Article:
I am very excited about spring and all the possibilities. We have seeds planted in the greenhouse and we installed bees onto their hives earlier this week. We have mushrooms fruiting and have inoculated an area under the elder bush with more. This was a very good year for syrup, the maples were very generous this year, yielding 375 gallons of sap. Alot is happening, it is difficult to know where to start.
So, I thought I would start with the picture above of my favorite spot to harvest watercress. Last week an apprentice and I ventured to the springs and harvested watercress. I made a salad that contained this as well as spinach from a local greenhouse, along with chickweed and lambsquarters. What a salad it was.. I could feel my cells jump with glee. Eating fresh young greens alerts my body that yes indeed spring is here! The wild greens offer this experience in a magnified way! I so look forward to the coming of violets, wild leeks, nettle and all the other spring plants that grace the landscape and my plate.
Watercress (Nasturtium officinale) is an amazing plant. Greening in ice cold water, when there is still snow on the ground is a feet that many green plants do not attempt and so it is worth paying respect to this green ally. Watercress is considered a semi-aquatic plant and is a perennial, native to Europe and naturalized in the United States. Watercress is a member of the Brassicaceae or mustard family. Members of this plant family, including watercress have a very predictable flower pattern. The flowers have four sepals and four petals arranged in a cross like pattern. The stems are hollow, allowing the plant to float and the leaves are pinnate (having multidivided features).
Eating watercress is a nutritional paradise. The plant contains significant amounts of iron, calcium, folic acid and vitamin C as well as vitamin A precursers. Watercress is a digestive aid, an expectorant and appears to have cancer fighting properties. It contains iodine, and thus is supportive of the thyroid.
When harvesting watercress it is wise to have bare feet or wear waterproof shoes, as you will inevitably get your feet wet. That said, watercress is a damp herb and so in some traditions it is used to treat dry, irritating coughs.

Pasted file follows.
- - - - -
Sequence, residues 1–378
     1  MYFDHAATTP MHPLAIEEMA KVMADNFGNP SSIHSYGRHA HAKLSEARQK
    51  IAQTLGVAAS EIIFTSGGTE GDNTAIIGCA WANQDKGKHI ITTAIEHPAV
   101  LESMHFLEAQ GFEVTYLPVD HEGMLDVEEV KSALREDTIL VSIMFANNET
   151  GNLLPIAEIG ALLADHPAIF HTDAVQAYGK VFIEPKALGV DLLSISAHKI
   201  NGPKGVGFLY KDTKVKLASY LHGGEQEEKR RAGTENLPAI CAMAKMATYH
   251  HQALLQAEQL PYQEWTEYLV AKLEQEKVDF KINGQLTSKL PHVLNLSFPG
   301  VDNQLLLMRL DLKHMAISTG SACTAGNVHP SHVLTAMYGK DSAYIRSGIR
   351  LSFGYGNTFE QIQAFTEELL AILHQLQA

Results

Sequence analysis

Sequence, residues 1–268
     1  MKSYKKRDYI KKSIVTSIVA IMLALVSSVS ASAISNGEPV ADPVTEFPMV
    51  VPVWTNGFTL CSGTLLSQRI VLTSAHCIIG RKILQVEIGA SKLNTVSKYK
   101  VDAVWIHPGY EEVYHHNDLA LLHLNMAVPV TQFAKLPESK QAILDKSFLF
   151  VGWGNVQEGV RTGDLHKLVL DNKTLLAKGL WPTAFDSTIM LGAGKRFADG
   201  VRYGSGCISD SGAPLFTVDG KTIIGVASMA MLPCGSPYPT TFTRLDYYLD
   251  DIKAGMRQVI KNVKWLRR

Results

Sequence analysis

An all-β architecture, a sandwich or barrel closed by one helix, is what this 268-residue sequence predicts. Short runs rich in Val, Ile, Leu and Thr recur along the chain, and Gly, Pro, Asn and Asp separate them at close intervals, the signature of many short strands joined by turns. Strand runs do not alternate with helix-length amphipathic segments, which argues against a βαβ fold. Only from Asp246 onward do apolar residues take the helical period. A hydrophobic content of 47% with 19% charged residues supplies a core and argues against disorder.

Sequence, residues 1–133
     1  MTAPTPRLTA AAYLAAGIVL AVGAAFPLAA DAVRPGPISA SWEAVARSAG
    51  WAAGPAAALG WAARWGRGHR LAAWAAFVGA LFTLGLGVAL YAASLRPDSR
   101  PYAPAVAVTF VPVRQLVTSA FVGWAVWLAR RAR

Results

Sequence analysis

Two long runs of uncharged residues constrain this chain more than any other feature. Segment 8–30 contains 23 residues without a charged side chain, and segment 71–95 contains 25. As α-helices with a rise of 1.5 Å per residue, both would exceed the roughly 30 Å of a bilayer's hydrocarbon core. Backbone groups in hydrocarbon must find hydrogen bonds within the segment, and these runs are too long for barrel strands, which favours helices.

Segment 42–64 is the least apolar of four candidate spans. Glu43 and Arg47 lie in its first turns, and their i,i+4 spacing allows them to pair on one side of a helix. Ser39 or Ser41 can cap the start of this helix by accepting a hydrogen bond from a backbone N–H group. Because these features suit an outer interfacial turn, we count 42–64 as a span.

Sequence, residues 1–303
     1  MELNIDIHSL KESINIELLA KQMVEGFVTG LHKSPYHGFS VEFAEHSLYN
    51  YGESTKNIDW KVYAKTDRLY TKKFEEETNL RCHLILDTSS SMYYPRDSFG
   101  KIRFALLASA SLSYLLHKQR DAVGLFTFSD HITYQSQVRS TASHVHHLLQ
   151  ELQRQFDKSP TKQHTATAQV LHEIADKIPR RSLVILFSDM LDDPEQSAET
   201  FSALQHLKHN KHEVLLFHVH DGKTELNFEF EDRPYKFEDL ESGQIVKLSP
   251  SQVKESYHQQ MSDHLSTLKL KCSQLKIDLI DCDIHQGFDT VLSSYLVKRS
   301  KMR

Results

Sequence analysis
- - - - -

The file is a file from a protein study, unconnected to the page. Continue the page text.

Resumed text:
Below is a recipe for a watercress salmon spread that is delightful and deeply nourishing. Enjoy!
Happy Spring, Linda
Begin by poaching (cooking technique) or baking the salmon.
Salmon 16 ounces (of course you can use any fish that you have available for this recipe)
8 ounces of Thick Yogurt (homemade is ideal) or cream cheese (homemade is ideal)
chopped fresh watercress (as much as you would like to taste)
1 tsp. lemon juice
powdered kelp or salt to taste
Mix together, place in a bowl or jar and garnish with fresh watercress-flowering if possible.
Linda Conroy is a bioregional, wise woman herbalist, educator,wildcrafter, permaculturist and an advocate for women's health.
She is the proprietress of Moonwise Herbs and the founder of Wild Eats: a movement to encourage people and communities to incorporate whole and wild food into their daily lives. She is passionate about women's health and has been working with women for over 20 years in a wide variety of settings.
Linda is a student of nonviolent communication and she has a masters degree in Social Work as well as Law and Social Policy. Linda has been offering hands on herbal programs and food education classes for well over a decade.
She has completed two herbal apprenticeship programs, one of which was with Susun Weed at the Wise Woman Center and she has a certificate in Permaculture Design.
Linda is a curious woman whose primary teachers are the plants; they never cease to instill a sense of awe and amazement.
Her poetic friend Julene Tripp Weaver, eloquently describes Linda when she writes, "She listens to the bees, takes tips from the moon, and follows her heart."
Listen to a thirty minute interview with mentor Linda Conroy
Study with Linda Conroy from Home
The goal of the course is to have participants become familiar with herbal medicine, to become comfortable incorporating herbs into daily life and to gain hands on experience making simple remedies at home.